Meredith travels across the country to work for Ragnar and got her start with the company after participating in a race herself.
How many Ragnar Relay's have you run in personally and how was your experience?
I have now participated in 3 relays myself: DC in 2011 & 2012 and Adirondacks in 2013. After my first race, I described it as "life-changing", and each time since has been nothing less than amazing.
It sounds like such a crazy endeavor: 200 miles, relay, overnight, barely any sleep, running lots of miles. But once you're there, and running with some of your best friends (and possibly some complete strangers too), there is something so magical that happens in that 48 hours.
You connect on a whole different level with yourself and your teammates as you conquer those miles together. And really, the entire journey is a celebration.
One of the most unique things about Ragnar is ability to take running from the individual sport you do with headphones in on trails or in the city, to a true team sport where you have more support than you ever imagined from your team and every other team along the course while you travel through some of the most beautiful countryside.
How involved are you with the Ragnar Trail Relay series?
Ragnar Trail is part of our company as a whole, we all operate under the same roof and support when we can.
A lot of our road employees have worked at trail races this year, but for the most part the trail series operates as a separate entity.
After having been with Ragnar for nearly a year, where do you see yourself this time next year?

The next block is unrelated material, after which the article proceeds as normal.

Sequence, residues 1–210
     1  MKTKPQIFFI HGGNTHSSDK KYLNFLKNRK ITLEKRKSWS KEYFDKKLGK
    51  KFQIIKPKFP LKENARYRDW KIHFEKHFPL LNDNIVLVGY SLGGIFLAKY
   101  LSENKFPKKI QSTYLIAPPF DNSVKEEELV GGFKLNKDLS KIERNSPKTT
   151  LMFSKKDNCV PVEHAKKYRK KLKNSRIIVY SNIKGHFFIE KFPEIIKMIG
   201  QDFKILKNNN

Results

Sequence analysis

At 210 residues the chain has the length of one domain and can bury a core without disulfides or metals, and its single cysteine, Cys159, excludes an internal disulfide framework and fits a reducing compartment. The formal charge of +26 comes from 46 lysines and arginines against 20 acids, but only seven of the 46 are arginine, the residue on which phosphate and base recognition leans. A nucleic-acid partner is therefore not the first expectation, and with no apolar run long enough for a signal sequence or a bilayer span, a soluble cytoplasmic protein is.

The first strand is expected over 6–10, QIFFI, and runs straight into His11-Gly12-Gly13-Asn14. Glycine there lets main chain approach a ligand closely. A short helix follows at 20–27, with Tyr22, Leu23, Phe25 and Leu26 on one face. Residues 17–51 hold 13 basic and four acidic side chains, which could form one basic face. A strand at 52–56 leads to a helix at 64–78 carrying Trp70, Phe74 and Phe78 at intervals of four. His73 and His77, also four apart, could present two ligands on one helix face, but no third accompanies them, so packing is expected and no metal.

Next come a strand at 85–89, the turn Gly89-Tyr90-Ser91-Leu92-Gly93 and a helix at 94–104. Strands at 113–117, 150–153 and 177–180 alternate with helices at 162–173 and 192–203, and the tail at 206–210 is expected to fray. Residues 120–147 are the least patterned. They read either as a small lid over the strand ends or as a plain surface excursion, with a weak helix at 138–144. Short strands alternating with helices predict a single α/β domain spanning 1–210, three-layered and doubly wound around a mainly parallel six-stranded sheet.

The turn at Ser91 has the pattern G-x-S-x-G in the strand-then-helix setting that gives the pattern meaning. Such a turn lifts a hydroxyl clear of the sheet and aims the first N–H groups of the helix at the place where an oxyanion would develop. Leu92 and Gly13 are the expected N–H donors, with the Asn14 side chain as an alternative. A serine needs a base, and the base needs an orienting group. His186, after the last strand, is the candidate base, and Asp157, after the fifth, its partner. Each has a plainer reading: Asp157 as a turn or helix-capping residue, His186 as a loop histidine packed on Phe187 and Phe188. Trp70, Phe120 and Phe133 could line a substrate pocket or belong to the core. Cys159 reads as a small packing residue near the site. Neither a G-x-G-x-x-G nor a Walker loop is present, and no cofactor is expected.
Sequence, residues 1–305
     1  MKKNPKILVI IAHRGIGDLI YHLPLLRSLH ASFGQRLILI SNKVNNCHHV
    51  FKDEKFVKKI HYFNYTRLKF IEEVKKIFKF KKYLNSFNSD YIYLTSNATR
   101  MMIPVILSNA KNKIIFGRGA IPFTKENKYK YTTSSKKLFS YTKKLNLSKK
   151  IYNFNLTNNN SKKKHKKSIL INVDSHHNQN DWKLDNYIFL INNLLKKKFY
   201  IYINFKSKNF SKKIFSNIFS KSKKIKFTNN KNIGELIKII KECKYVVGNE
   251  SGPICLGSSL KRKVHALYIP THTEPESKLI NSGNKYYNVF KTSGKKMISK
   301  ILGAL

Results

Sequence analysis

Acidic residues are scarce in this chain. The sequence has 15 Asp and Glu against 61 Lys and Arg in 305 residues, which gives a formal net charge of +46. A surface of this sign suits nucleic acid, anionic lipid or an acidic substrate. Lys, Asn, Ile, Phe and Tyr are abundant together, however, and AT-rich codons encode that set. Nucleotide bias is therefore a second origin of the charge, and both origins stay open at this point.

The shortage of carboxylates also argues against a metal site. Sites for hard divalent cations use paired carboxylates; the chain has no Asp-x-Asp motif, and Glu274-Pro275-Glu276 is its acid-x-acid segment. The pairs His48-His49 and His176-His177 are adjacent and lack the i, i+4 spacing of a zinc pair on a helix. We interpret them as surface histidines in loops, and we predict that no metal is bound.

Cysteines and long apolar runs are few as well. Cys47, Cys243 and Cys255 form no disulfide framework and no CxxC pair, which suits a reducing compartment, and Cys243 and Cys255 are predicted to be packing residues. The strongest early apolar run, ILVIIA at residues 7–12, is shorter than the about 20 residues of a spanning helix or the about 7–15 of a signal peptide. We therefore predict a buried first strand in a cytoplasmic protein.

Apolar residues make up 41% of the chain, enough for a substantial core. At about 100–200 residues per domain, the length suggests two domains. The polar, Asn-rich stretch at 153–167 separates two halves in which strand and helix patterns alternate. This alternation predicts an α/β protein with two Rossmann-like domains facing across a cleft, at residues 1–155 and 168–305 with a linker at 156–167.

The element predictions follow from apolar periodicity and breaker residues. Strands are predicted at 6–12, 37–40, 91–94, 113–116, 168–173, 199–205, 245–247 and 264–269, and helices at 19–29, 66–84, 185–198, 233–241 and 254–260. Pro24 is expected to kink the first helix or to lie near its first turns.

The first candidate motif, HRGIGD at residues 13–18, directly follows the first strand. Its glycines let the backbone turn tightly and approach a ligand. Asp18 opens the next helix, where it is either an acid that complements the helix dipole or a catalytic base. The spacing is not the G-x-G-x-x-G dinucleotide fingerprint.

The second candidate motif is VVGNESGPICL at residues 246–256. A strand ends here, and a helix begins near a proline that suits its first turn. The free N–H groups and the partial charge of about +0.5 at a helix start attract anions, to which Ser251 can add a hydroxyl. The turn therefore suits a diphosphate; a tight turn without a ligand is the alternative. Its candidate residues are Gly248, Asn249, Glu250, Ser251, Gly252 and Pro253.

At this time next year I will be getting close to putting on our Las Vegas event for a second year, and excited for some of the changes I'm hoping to make on the course next year!
What has been the biggest challenge during your time with Ragnar?
My biggest challenge was the move from Washington DC to Utah. I lived in the DC metro area for almost four years, and moving 2,000 miles across the country was never really the "plan" for my future.
But, sometimes your dream job turns into an actuality, and I would have been crazy not to take it. Once I made the decision and moved here to Utah, I've been glad I did it. I'm busier than I've ever been, but I get to meet some of the most amazing and inspiring runners, travel around the country and put on awesome events in beautiful locations around the country with my coworkers and friends.
What's the best part of your job?
That's an easy one: race weekends. The energy and enthusiasm that surrounds every second of a race weekend makes the hard work and lack of sleep completely worth it. Our staff, volunteers, and runners all know what I'm talking about.
Do you have any advice for a first-time runner (with limited running experience) as we approach the start of Ragnar Vegas?
I often operate in lists of four as much as possible, so here we go:
1. We are about a month out, so at this point if you haven't been training you better get on it! A training plan is important, as well making sure at least once a week you are running twice in one day. Run once in the morning, wait about 6-7 hours, and then run again. It will help you to know what running on tired legs feels like.
2. Pack for hot and cold (it might be snowing at the start line!), and don't just pack running clothes, you will want comfortable clothes for when you are inbetween runs.
3. Read the race bible! But if you don't want to read all 30 pages then it is most important that on race day, you listen to your safety briefer. They will give you some great tips on racing to get through the course safely and efficiently.
4. Decorate your van, get team tshirts, create playlists or CDs for the car (my team will get a "theme song" for each person and then play it for them whenever we pass them on the course or at an exchange), have dance parties, make new friends, do everything you can to enjoy the experience!